Anyone who lives in Hawai‘i knows that weather—or, more specifically, the likelihood of rain—is a very important part of everyday life, as evidenced by the sheer number of meteorologists and weather forecasters employed by local TV news stations.
So it’s no surprise that one of the most frequently cited and referred to publications is the Rainfall Atlas of Hawai‘i, which was first published in 1986 by UH Mānoa Geography Professor Tom Giambelluca, Meteorology Professor Tom Schroeder and Michael Nullet, currently a Geography Research Assistant. The printed publication provided a set of maps of the spatial patterns of rainfall for the major Hawaiian Islands.
Fast forward 25 years, and Giambelluca is at it again. He, along with UH Mānoa Geography Assistant Professor Qi Chen and Masters’ student Abby Frazier, recently led a team of UH Mānoa researchers to create a new, interactive online website housing updated rainfall patterns. Giambelluca specializes in climate, climate change, and ecohydrology.
Developed to make rainfall maps, data and related information easily accessible, the website features high resolution downloadable digital maps for mean monthly and annual rainfall and uncertainty for each station used in the analysis, as well as files with information on each rain gage station.
Another unique component of the website is that it allows users to view the patterns of mean monthly and annual rainfall and corresponding uncertainty, zoom in on areas of particular interest, navigate to specific locations with the help of a choice of different base maps, and click on any location to get the mean annual rainfall and a graph and table of mean monthly rainfall.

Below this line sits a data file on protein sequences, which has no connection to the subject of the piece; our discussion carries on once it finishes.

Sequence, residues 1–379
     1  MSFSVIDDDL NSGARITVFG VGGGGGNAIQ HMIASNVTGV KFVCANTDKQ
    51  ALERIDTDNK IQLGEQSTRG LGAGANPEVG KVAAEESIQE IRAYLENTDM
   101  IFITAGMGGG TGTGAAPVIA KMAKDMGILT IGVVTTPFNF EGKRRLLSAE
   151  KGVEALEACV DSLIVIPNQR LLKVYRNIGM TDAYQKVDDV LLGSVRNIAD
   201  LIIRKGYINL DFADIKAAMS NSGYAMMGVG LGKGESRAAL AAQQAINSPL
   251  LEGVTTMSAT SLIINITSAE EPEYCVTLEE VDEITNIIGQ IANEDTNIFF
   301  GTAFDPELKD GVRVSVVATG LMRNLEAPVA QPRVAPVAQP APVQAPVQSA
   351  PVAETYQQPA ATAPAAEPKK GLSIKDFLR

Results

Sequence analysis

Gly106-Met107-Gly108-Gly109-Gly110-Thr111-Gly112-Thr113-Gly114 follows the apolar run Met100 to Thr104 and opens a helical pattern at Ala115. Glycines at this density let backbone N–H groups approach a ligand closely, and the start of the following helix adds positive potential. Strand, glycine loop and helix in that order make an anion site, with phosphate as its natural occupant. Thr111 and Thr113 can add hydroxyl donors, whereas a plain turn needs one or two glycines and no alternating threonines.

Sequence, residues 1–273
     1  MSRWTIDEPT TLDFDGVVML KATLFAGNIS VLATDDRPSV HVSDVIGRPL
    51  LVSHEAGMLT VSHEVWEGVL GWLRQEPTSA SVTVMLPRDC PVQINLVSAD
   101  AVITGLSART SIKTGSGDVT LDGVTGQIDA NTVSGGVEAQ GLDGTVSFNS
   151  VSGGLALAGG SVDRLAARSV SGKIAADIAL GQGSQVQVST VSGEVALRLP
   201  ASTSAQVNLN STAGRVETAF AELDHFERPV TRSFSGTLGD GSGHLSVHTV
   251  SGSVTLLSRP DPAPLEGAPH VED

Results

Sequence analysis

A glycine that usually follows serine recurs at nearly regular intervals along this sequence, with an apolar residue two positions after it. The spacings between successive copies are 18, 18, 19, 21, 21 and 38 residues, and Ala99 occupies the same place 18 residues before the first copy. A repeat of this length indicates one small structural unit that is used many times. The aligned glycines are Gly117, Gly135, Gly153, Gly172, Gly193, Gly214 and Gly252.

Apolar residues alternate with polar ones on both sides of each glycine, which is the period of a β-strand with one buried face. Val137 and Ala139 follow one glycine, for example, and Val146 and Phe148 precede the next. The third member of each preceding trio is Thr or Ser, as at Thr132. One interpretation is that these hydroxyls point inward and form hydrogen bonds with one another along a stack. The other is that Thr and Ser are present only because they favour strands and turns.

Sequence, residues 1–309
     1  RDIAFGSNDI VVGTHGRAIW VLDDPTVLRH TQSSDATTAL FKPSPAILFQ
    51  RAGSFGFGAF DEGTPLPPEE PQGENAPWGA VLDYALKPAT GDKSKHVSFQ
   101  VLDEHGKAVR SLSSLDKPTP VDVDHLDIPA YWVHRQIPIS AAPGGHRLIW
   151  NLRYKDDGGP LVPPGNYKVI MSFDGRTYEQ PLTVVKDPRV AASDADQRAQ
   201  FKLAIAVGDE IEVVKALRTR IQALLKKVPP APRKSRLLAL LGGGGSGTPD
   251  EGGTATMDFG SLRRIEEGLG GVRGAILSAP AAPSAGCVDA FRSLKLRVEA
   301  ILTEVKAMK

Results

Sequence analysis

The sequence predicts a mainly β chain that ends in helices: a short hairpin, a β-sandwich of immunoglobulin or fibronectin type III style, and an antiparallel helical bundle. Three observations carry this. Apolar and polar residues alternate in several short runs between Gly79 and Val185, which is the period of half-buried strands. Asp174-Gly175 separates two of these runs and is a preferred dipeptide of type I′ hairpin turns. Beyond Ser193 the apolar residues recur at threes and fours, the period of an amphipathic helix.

Over the course of the two-year project, rainfall measurements taken at over 1,000 stations were used as the principal source of information in the development of the rainfall maps. The maps represent the best estimates of the mean rainfall for the 30-year base period 1978-2007. However, for many reasons, it is not possible to determine the exact value of mean rainfall for any location. Therefore, for every map of mean rainfall, corresponding map of uncertainty is provided.
Knowledge of the mean rainfall patterns is critically important for a variety of meteorological, agricultural and resource management issues, including ground water and surface water development and protection, controlling and eradicating invasive species, protecting and restoring native ecosystems, and planning for the effects of global warming. And, when you live in Hawai‘i and want to enjoy the outdoors as many days as possible, it’s simply invaluable.
Top photo by Adam Levine/cogdog